Prosecutorial discretion explained

| Jul 14, 2016 | US Immigration Law |

The threat of deportation is real if you are an immigrant who has not been able to secure the proper documentation to remain in California or elsewhere in the United States. Officials from the Department of Homeland Security and other federal agencies may be involved in apprehension, deportation proceedings and other immigration issues that may lead to your removal from the country. At the U.S. Law Center, we have answered the questions of many immigrants regarding prosecutorial discretion and when an immigrant may be allowed to remain in the United States.

According to a DHS memorandum, certain categories of undocumented immigrants have higher priority for removal. These include those who do not qualify for relief such as asylum and have committed felonies, multiple or serious misdemeanors, or who may be a threat to national security. However, immigration officials have the authority, or prosecutorial discretion, to assess the circumstances of those who do not fit these categories, and may determine that their detainment or removal is not a priority. This decision does not change a person’s status.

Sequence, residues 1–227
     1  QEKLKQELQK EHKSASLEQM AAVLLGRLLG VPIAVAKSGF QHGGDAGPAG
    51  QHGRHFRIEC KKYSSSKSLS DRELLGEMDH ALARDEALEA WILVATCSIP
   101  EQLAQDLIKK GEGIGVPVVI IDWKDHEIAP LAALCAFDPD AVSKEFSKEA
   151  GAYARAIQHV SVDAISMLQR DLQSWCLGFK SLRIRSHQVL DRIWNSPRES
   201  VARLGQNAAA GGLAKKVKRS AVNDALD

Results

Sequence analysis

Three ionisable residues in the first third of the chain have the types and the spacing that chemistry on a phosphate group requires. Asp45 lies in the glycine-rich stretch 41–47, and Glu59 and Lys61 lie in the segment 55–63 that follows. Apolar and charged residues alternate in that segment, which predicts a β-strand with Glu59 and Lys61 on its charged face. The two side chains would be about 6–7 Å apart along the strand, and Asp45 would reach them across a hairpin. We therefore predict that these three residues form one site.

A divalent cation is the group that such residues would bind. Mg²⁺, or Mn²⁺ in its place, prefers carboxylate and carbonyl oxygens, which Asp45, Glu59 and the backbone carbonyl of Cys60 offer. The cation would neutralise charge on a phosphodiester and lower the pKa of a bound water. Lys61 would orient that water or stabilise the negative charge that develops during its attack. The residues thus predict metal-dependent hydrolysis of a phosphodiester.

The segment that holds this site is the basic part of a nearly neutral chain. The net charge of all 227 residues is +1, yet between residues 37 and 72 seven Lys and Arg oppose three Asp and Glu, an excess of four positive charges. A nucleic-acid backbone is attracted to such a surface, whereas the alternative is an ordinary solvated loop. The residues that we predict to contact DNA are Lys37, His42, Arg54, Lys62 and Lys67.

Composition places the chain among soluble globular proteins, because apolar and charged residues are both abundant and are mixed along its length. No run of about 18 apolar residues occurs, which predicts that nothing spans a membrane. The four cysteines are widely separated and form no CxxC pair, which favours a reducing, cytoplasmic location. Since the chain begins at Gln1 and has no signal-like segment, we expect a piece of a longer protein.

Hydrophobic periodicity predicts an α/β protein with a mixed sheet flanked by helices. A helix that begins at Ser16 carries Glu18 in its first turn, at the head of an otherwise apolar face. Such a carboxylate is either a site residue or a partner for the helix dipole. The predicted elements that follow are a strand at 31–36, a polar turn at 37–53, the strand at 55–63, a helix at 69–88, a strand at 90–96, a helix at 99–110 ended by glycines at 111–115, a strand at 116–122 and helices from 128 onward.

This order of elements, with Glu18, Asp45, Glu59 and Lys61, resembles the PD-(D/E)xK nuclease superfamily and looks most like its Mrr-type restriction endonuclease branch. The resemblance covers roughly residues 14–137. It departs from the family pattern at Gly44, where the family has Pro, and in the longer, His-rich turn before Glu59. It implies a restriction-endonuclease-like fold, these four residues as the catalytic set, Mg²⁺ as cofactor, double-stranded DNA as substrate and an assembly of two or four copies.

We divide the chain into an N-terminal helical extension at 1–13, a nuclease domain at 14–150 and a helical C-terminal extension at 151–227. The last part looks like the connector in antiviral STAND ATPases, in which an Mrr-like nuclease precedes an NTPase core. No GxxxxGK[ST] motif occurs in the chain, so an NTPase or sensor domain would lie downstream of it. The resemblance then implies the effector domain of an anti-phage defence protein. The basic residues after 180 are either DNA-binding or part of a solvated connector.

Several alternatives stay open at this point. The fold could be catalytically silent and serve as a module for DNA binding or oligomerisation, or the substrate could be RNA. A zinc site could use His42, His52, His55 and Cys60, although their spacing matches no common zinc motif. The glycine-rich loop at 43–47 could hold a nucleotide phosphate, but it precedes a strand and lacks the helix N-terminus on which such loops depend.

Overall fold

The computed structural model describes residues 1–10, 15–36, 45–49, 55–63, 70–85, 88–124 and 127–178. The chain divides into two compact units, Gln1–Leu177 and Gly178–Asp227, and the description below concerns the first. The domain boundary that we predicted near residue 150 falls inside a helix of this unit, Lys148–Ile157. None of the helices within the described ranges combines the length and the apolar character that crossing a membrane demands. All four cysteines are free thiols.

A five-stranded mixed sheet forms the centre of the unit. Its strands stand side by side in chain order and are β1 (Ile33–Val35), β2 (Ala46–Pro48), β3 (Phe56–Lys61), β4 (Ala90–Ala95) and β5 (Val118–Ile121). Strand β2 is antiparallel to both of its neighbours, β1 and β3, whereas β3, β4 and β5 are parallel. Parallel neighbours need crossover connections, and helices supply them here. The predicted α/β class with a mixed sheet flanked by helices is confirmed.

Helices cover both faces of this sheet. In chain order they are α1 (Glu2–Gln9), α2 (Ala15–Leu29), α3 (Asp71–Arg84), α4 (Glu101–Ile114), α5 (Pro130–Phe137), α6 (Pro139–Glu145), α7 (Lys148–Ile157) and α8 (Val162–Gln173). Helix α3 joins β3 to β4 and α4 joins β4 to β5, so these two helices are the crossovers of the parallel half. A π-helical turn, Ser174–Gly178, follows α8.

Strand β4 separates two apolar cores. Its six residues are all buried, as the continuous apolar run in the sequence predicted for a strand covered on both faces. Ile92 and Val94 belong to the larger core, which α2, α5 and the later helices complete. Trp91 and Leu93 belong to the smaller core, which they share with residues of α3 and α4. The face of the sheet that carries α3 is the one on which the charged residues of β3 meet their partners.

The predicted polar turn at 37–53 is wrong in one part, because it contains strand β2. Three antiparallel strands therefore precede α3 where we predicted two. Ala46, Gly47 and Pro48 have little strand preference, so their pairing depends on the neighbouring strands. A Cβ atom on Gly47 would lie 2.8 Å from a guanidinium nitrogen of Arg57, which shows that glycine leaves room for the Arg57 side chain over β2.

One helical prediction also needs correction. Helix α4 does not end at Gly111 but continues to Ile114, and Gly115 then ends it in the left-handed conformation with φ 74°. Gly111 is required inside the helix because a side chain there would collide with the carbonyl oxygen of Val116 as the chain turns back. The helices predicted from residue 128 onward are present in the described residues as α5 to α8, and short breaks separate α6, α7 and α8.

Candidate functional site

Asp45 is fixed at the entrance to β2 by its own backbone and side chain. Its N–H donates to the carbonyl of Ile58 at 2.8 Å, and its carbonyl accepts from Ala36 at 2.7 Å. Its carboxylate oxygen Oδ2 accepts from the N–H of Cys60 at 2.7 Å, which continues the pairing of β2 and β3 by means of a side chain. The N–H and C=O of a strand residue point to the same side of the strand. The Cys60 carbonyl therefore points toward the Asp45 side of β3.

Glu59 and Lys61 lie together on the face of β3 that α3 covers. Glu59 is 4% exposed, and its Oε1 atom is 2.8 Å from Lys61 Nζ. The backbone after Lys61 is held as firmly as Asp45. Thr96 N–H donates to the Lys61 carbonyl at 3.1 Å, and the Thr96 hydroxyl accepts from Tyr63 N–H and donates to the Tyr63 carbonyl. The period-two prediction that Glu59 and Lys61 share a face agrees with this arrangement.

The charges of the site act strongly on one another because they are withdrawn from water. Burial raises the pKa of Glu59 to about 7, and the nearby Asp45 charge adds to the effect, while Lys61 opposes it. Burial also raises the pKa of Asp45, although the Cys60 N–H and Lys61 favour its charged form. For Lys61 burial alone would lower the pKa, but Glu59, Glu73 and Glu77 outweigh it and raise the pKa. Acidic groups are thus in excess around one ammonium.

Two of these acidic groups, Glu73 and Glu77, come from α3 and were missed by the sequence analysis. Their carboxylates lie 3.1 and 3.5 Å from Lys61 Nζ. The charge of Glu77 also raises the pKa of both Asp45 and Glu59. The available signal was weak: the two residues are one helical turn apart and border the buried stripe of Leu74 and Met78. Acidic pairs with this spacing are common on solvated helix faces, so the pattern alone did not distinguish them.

An undocumented immigrant in the United States with serious health issues, or with children or other family ties, may not be a priority for removal. Officials from Customs and Border Protection, Immigration and Customs Enforcement or other DHS agencies may also make this determination for someone who is involved in a court case or has served in the military. How long a foreign national has lived in the country may also be a factor. For more information about deportation cases, please visit our web page.